It’s Nasty: Thigmonasty (Greek thigma for touch and nastos for pressed close). Closure of the Venus flytrap (Dionaea muscipula), at 40-100 milliseconds, is one of the fastest movements in plant kingdom. Little surprise that it involves action potentials: electrical signals typical of nerve communication in animals. The trap is triggered when at least two of the tiny surface hairs are touched by an insect or spider within 20 seconds of each other. Since the movement costs energy, this coincidence of two stimuli safeguards against waste from accidental triggers.
• There’s no chemistry: Unlike chemical signals, like hormones, action potentials can fire within a millisecond and propagate rapidly over long distances. Although plants have the basic necessities for electrical signaling (ion channels, motor proteins), they have nowhere near the sophistication achieved in animals. Still, an action potential can achieve speeds of up to 40 m/s in plants and is used to respond to environment.
• Touch me: The first step is the opening of mechanically-sensitive ion channels that sense deformity of the hair. This causes the cell membranes to depolarize by reducing the distribution of charges across the cell. If this depolarization exceeds a certain threshold, additional chloride and potassium channels open to let in more ions. Movement of protons makes the cell wall acidic, allowing it to soften and let the cell elongate rapidly. Despite intensive study for ~130 years, the exact mechanism of signaling is not clear.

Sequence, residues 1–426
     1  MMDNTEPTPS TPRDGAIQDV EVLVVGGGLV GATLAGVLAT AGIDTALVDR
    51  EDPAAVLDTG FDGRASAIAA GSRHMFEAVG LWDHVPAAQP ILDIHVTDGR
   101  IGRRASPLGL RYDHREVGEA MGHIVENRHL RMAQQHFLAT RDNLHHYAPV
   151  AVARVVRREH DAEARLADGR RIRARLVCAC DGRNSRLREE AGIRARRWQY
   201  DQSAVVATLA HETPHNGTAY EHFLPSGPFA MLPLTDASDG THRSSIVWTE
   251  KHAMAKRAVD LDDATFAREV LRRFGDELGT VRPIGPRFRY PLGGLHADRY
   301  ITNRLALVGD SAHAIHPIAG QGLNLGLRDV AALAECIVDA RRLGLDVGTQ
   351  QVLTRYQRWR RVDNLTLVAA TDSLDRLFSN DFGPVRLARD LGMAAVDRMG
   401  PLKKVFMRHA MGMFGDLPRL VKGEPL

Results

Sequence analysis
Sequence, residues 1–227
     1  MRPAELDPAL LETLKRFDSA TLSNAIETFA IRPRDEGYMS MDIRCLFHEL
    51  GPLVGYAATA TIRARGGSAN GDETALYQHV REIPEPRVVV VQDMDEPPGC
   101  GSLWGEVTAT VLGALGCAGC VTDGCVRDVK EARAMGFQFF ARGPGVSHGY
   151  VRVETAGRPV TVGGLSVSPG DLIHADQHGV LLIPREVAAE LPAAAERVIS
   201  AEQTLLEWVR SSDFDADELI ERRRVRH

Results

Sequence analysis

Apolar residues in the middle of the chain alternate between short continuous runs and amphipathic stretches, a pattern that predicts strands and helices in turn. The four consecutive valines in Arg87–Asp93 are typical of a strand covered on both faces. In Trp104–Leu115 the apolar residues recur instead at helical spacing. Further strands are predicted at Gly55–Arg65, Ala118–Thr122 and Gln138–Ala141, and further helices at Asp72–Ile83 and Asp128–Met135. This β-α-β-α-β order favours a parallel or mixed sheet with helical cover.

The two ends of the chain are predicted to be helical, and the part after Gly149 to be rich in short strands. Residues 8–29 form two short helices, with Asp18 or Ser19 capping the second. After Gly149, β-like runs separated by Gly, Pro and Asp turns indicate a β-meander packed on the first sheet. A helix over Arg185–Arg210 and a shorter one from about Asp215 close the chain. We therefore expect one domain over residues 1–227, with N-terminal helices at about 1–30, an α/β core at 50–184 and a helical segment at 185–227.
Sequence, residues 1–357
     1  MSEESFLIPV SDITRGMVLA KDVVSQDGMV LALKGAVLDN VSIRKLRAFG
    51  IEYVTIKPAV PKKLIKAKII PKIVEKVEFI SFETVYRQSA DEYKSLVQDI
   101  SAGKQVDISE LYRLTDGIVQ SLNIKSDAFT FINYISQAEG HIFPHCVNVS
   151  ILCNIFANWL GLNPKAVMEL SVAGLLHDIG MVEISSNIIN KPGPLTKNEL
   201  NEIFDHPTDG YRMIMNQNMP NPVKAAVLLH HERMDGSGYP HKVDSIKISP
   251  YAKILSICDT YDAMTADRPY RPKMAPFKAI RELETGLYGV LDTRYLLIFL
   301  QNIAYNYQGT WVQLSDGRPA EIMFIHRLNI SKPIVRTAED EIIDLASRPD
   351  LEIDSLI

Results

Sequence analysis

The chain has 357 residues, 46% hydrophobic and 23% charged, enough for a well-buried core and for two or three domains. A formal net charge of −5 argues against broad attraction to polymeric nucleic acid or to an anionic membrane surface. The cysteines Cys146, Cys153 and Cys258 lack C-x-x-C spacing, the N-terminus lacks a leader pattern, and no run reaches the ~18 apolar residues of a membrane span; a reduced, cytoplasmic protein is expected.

• Food fight: Recently, the digestive juice of the Venus flytrap was analyzed and found to closely resemble enzymes used in the fight against pathogens, rather than the digestive enzymes of animals. This suggests an evolution from defense pathways to food acquisition in carnivorous plants. Read more: http://www.asbmb.org/News.aspx?id=17935
An early submission for #sciencesunday since I will be traveling tomorrow (Viva Barcelona!).